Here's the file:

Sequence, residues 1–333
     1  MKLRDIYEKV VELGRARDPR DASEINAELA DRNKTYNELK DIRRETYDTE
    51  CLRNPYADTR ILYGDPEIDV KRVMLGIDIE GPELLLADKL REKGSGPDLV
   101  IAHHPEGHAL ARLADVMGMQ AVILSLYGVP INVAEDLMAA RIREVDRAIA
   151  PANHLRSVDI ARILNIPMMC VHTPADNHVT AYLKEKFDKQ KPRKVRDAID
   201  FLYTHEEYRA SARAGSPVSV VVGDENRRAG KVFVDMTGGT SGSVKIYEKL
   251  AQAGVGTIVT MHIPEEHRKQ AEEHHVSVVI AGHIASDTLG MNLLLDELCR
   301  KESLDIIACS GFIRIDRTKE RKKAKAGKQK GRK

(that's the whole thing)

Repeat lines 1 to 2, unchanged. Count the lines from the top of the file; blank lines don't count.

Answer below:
Sequence, residues 1–333
     1  MKLRDIYEKV VELGRARDPR DASEINAELA DRNKTYNELK DIRRETYDTE